As the chill of recession bites for homes and businesses alike, SMEs are faced with the daunting prospect of navigating their way through the bleak mid-winter. In October 2022, inflation reached 11.1% and company insolvencies were 38% higher than the same period last year. Creditors’ voluntary liquidations in the same period were 53% higher than in 2019 (i.e. pre-pandemic), continuing the theme of businesses being forced to consider this terminal insolvency process, as following the pandemic they have struggled to adapt to the challenging market conditions.
Why are SMEs particularly at risk?
Given their relative size and profit margins, SMEs are particularly vulnerable to changes in consumer behaviour, reduced spending and a consequential drop in demand for non-essential products and services, which has been accelerated by the cost-of-living crisis. Coupled with increasing costs of materials, labour and energy, a perfect storm lies ahead for SMEs. The increases in interest rates in recent months (which is forecast to continue until mid-2023) will further squeeze cash-strapped businesses, who may already be tied into longer-term financial obligations which otherwise remain unchanged.
The government’s energy bill relief scheme, which freezes energy prices for non-domestic customers until 31 March 2023, will provide some relief to SMEs in keeping afloat through the difficult winter months in the hope of capitalising on (hopefully) a busy festive season. However, SMEs have little bandwidth to absorb record levels of inflation alongside increasing energy bills, and will need to be thinking further ahead as they find themselves navigating a crumbling economy and a reduction in consumer spending. Details of the government’s ongoing, more targeted support for vulnerable industries after the initial energy price freeze are yet to be revealed, and the extent and nature of the support unknown. Businesses operating on the edges of solvency will need a plan in place to ensure they can meet their liabilities on an ongoing basis, without currently knowing how far government support will extend in 2023.
How can restructuring help?
One of the ways in which smaller businesses flourished during the pandemic was through their ability to adapt to changes in consumer behaviour and restructuring their businesses to return to profitability. There are a number of tools that are potentially available to businesses, which depending on the level of their solvency concerns, might assist.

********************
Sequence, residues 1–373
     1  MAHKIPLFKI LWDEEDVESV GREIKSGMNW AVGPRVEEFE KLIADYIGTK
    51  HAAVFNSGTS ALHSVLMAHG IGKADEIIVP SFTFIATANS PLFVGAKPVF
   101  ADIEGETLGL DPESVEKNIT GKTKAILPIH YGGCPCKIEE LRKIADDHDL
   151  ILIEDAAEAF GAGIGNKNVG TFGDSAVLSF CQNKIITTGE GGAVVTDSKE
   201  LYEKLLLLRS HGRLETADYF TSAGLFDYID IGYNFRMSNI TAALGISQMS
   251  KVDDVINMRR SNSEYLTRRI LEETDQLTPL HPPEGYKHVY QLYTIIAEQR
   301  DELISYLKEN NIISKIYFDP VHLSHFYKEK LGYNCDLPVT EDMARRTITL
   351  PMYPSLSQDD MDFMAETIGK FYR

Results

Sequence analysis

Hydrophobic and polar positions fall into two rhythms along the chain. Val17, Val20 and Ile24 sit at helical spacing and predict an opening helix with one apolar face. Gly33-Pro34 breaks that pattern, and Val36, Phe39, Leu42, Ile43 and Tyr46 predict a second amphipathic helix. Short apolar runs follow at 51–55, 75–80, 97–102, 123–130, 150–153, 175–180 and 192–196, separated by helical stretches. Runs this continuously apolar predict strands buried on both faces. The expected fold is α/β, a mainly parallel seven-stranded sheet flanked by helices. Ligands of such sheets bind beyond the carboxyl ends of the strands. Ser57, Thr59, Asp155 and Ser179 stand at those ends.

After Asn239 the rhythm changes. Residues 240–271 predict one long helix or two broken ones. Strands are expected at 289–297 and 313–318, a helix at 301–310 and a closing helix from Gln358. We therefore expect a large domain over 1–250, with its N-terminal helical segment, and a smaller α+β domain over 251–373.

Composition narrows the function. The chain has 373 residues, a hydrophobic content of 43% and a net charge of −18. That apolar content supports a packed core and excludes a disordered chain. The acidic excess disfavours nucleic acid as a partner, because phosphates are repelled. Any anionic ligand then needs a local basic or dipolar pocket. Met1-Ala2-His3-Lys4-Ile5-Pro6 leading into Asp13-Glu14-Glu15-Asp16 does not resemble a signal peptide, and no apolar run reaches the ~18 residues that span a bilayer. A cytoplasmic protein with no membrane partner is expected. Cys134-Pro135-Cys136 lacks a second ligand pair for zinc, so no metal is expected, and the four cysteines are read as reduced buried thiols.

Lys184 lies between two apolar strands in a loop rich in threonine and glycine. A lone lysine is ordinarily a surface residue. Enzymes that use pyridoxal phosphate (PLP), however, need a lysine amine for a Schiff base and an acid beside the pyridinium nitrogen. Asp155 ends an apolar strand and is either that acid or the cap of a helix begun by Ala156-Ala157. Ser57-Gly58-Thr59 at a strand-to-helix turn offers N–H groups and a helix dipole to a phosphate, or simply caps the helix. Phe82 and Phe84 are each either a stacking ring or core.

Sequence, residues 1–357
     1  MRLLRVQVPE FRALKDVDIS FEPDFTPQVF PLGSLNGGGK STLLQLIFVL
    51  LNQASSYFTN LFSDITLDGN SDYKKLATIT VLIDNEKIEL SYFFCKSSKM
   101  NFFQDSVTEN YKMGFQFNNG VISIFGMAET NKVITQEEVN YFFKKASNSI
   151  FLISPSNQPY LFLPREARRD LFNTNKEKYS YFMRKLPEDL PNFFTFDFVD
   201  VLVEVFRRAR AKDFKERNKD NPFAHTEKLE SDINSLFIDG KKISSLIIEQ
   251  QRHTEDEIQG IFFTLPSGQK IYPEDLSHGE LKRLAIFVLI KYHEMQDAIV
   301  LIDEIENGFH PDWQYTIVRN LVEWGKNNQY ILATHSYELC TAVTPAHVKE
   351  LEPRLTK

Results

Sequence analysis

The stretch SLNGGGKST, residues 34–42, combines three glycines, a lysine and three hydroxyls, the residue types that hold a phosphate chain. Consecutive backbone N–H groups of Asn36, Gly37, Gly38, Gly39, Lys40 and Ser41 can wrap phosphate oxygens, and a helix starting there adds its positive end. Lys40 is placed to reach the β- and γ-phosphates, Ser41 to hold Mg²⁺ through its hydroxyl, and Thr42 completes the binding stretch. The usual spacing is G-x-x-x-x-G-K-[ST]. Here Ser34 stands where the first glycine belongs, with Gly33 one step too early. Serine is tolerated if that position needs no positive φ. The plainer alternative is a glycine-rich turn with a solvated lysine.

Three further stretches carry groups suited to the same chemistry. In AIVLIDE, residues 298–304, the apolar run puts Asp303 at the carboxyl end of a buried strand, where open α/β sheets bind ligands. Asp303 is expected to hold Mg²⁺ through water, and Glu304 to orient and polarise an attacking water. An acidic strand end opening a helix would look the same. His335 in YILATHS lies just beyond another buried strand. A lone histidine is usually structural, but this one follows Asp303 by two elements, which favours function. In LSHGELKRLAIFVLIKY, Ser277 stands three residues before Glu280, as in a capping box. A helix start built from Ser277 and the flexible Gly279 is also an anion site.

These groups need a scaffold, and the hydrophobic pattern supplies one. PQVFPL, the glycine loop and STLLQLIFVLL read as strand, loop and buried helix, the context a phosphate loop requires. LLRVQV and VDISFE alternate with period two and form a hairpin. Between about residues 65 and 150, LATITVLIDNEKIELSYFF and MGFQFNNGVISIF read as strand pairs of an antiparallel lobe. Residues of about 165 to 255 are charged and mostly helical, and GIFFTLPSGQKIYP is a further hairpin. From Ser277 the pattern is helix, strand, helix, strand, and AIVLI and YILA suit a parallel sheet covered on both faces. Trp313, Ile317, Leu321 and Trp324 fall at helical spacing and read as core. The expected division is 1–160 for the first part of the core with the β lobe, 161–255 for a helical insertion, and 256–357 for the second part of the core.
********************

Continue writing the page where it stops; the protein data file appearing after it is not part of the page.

Company voluntary arrangements (CVAs) regularly made the headlines prior to the pandemic for their use in the casual dining and retail sectors. A CVA can prove a useful tool for businesses to reach a compromise with their creditors, and they are particularly valuable for businesses which operate from multiple (unprofitable) leasehold premises.
The new Part 26A restructuring plan was introduced in 2020 to enable businesses to restructure their debts and come to court-sanctioned compromise with creditors. It has not been particularly well utilised in the mid-market so far due to cost concerns, but a simplified version of the restructuring plan has recently been approved by the court in favour of a SME. This is a trend which could well continue as the courts and insolvency practitioners become more familiar with the flexible nature of this tool.
Alternatively, company administration can be an effective mechanism for rescuing the viable part of an underlying business which is otherwise unable to pay its debts and securing value for the goodwill and assets of the company. A pre-pack sale of the profitable elements of the business can sometimes be the best way to take forward the business in a more efficient and stream-lined manner.
Seeking early advice from an insolvency professional is key to finding the appropriate tool to assist businesses in navigating financial difficulty.
Important points to remember
It is particularly important in times of financial pressure for businesses to keep a close eye on cash flow and regularly produce forecasts so that any potential difficulties are spotted at an early stage. Key suppliers, landlords and any lenders should be fully engaged in the event of any financial difficulties, as an open dialogue is key to seeking a compromise of any problem debts. Businesses should be proactive in seeking any such support and may wish to take action pre-emptively, before issues come to a head – for example, by seeking to agree new payment terms with suppliers, restructuring existing bank lending or seeking a change to rental obligations under existing leases with landlords.
Seeking early advice and engaging with creditors and other stakeholders is crucial to ensure that the most appropriate strategy can be formulated before a business reaches the point of no return.